Dredging & Dereliction Discussed at Waterways Meeting

Jenny Scarborough

Big Foot Slough will be dredged this winter.

Dredging & Dereliction Discussed at Waterways Meeting

The Swan Quarter and Cedar Island ferry routes depend on the channel. Dredging will begin in the first quarter of 2018, said Jim Matlock of the US Army Corp of Engineers. 

A shoal has been encroaching on Big Foot since June, said NCDOT Supervisor Chris Bock. The Sea Level ferry bumped aground late last week; $15,000 worth of repairs are required. Bock affirmed the Ferry Division's commitment to maintaining a "safe and open" channel, though he could not promise that winter winds won't cause additional shoaling before dredging begins. 

"We're going to keep running as long as it's safe," said Bock. 

Maintaining navigable passages to and from Ocracoke is one mission of the newly-formed Ocracoke Waterways Commission.

Representatives from NCDOT Ferry Divison, NC Wildlife Resources Commission, the National Park Service, US Army Corps of Engineers, Dare County Waterways Commission, and the Hyde Board of Commission joined the appointed, volunteer board consisting of Ocracoke Island business owners and commercial fishermen. The board expressed hope that the Hyde Sheriffs Department and US Coast Guard would be able to participate in future meetings.

Inter-agency communication and cooperation is vital to getting anything done. The Corps of Engineers performs hydrographic surveys and identifies "hot spots" that require dredging. The Corps has the sidecaster and hopper dredges which do the work, and the Corps also awards contracts to private dredge operators. The USCG places, moves and maintains navigational aids. State and federal agencies responsible for environmental oversight often must approve the plans. The NCDOT maintains the ferries, and sometimes must alter their schedules to allow for dredging. Whew! All these people in offices from Washington, DC to Wilmington, NC working to keep a flow of people and products arriving on the sandy shores of our little island, where many people aren't big fans of big government.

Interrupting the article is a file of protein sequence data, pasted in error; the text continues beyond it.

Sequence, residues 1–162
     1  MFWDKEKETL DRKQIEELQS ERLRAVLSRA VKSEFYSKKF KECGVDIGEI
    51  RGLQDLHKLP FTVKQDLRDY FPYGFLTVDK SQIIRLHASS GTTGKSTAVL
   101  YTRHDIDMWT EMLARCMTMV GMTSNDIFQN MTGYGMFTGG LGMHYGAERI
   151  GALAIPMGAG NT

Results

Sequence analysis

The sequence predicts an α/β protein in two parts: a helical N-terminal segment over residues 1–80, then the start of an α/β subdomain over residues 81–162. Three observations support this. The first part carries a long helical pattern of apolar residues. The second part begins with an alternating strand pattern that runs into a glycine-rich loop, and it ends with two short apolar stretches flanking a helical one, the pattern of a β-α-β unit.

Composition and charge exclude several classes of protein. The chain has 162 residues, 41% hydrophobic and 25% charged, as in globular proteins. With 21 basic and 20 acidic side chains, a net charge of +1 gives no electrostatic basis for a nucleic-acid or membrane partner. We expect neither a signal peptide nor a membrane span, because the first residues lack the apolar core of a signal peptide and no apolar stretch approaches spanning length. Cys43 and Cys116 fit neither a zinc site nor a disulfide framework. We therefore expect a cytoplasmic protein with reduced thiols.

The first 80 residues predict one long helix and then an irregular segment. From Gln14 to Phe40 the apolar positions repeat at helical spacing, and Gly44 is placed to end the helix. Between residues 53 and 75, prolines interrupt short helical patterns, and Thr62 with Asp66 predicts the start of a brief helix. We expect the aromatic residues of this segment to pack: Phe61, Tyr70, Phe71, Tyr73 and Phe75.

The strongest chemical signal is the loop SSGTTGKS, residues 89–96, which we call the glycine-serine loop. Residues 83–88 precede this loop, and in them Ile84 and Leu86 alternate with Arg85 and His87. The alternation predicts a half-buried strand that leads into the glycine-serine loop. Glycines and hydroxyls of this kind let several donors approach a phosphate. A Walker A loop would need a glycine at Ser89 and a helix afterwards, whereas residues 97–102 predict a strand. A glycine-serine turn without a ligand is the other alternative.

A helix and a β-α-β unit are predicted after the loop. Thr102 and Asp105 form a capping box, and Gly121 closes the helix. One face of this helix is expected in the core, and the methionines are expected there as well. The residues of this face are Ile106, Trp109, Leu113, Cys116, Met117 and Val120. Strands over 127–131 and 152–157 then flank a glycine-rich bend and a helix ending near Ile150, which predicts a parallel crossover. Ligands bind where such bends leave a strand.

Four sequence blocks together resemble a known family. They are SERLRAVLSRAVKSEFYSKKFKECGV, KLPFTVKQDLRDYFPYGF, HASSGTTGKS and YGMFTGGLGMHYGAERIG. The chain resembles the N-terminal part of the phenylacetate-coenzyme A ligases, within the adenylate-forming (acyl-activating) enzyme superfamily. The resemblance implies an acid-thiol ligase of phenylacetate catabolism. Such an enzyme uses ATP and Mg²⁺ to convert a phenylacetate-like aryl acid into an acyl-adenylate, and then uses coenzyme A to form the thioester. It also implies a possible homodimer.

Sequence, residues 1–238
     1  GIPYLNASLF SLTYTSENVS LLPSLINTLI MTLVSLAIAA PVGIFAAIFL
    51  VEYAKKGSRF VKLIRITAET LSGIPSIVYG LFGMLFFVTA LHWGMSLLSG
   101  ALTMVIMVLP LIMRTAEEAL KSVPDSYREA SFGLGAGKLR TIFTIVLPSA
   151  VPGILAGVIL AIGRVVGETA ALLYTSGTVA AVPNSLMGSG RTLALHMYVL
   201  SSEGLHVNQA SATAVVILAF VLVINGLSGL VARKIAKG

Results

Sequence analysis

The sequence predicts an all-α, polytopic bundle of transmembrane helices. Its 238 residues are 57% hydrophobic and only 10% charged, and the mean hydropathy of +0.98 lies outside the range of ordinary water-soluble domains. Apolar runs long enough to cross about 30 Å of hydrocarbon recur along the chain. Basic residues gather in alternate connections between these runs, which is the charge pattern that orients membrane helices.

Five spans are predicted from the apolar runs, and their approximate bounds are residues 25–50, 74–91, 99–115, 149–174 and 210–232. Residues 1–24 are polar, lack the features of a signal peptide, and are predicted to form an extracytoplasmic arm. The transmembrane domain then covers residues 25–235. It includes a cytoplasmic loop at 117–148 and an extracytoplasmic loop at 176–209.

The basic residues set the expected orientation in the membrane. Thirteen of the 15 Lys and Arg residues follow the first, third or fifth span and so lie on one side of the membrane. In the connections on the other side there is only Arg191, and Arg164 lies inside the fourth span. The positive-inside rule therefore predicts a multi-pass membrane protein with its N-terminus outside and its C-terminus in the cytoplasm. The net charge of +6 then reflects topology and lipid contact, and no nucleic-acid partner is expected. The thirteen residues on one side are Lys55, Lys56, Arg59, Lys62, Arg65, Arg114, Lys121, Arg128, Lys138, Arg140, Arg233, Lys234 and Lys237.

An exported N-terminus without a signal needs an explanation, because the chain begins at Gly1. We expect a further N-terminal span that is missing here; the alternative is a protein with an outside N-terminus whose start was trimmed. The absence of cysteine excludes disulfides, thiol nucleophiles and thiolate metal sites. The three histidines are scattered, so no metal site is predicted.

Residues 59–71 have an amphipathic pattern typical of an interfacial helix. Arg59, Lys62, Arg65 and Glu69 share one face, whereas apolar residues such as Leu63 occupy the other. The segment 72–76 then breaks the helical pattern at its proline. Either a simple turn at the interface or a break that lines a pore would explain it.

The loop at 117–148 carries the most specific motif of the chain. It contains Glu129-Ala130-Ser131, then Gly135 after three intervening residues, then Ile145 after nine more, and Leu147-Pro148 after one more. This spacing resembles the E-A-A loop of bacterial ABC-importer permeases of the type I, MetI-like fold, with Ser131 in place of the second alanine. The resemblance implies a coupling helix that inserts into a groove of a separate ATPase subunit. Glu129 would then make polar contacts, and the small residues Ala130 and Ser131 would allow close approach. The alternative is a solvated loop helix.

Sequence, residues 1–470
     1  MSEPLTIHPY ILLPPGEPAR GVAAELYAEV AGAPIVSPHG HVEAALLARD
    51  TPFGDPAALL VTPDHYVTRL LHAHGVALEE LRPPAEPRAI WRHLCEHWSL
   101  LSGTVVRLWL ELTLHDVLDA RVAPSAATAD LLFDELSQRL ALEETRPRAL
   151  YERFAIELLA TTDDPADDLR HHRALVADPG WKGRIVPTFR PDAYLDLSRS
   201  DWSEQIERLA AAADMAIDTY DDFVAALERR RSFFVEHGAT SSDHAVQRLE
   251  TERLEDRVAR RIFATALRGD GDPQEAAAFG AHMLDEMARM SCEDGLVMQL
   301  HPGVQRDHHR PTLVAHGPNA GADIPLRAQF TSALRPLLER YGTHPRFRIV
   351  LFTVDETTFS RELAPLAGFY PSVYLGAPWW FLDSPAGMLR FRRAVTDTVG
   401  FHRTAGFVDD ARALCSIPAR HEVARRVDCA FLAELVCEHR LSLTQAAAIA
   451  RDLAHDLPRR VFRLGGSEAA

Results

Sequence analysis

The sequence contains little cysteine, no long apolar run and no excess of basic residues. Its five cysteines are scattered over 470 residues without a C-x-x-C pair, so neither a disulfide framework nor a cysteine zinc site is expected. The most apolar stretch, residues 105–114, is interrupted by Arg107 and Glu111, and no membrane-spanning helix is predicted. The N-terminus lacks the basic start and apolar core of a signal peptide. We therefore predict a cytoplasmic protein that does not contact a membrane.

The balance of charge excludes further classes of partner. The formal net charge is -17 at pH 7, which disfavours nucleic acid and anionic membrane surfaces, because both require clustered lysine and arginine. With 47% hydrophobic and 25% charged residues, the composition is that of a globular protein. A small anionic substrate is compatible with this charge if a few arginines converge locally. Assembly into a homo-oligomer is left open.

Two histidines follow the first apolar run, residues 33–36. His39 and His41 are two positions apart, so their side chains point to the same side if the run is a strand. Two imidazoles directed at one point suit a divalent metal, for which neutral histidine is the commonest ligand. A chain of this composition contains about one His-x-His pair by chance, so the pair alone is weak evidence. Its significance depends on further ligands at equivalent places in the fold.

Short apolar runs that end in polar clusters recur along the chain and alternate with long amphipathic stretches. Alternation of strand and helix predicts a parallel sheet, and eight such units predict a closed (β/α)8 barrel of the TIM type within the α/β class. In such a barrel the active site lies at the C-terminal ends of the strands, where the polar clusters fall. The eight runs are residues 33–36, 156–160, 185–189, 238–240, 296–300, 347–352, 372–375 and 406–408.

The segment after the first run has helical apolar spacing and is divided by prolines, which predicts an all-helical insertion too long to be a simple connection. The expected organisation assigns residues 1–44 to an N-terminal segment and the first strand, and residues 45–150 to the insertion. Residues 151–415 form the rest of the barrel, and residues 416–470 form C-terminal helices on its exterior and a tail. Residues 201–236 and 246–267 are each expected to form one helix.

"These waterways are our economy. We have no road," said David Hilton, Ocracoke Waterways Commission Chair, a commercial fisherman, and former NC Fisheries Commissioner.

Dredging funds which once came from the federal budget have dried up, and in 2014 the NC General Assembly approved a Memorandum of Agreement with the Corps of Engineers requiring that local municipalities fund 25% of dredging projects. Hyde and Dare have been working in partnership since 2015 to fund dredging of the new, slithering Hatteras ferry channel.

The old ferry cruised along Rollinson channel, which was first designated a federal channel in 1935. Once at least 100 foot wide and 12 foot deep, the stretch of Rollinson channel that hugged the southernmost end of Hatteras is now unnavigable for the modern boater, would be unrecognizable to a seaman who time-traveled from the last century, and is unlikely to be a candidate for federally funded dredging anytime soon. 

Part of the original legislation called for captains to "follow best water," said Steve "Creature" Coulter, a member of the Dare Waterways Commission, who rode the ferry over and back to help inaugurate the first non-organizational meeting of the Ocracoke working group. 

Wisdom gleaned from time on the Dare board? "Got a federal channel? Keep 'em working on it," said Coulter. 

(Big Foot slough is included as part of the Silver Lake Harbor Act, first passed by the US Congress in 1930 and last amended in 1967.)

"We want to keep our neighbors working," said Coulter, captain of the charter boat Sea Creature. "You have to work together. It's not easy. Figure it out. Stay on it." Agencies one has never heard of can pop up and impede the progress of projects, said Coulter.

Less than 1% of funds for federally designated channels goes to shallow draft inlets. Does one even need write it? All of the waterways around Ocracoke are shallow draft inlets. 

This free floater has been mommicking the harbor for years.
This free floater has been mommicking the harbor for years.

Future thought processes should involve thinking about money from Hyde and local sources, so that matching funds from state and federal agencies will be available, said Matlock, who teleconferenced from the Corps of Engineers office in Wilmington. The Corps can provide cost estimates for projects, he said. 

In future meetings, the Ocracoke Waterways Commission will continue to educate itself, and explore options for a shorter ferry route between Hatteras and Ocracoke.